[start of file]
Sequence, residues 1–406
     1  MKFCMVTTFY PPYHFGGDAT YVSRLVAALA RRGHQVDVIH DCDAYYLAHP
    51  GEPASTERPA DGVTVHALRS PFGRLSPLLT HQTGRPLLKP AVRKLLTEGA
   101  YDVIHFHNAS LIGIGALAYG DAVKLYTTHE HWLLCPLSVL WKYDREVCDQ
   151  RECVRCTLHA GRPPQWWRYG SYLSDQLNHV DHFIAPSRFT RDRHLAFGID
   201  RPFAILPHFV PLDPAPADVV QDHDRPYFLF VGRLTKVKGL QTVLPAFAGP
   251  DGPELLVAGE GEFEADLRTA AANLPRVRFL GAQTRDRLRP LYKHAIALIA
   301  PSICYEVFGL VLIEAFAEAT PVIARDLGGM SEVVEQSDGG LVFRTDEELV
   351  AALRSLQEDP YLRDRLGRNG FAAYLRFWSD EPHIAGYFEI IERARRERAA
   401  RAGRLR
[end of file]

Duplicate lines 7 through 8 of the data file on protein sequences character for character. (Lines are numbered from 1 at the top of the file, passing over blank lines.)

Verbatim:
   251  DGPELLVAGE GEFEADLRTA AANLPRVRFL GAQTRDRLRP LYKHAIALIA
   301  PSICYEVFGL VLIEAFAEAT PVIARDLGGM SEVVEQSDGG LVFRTDEELV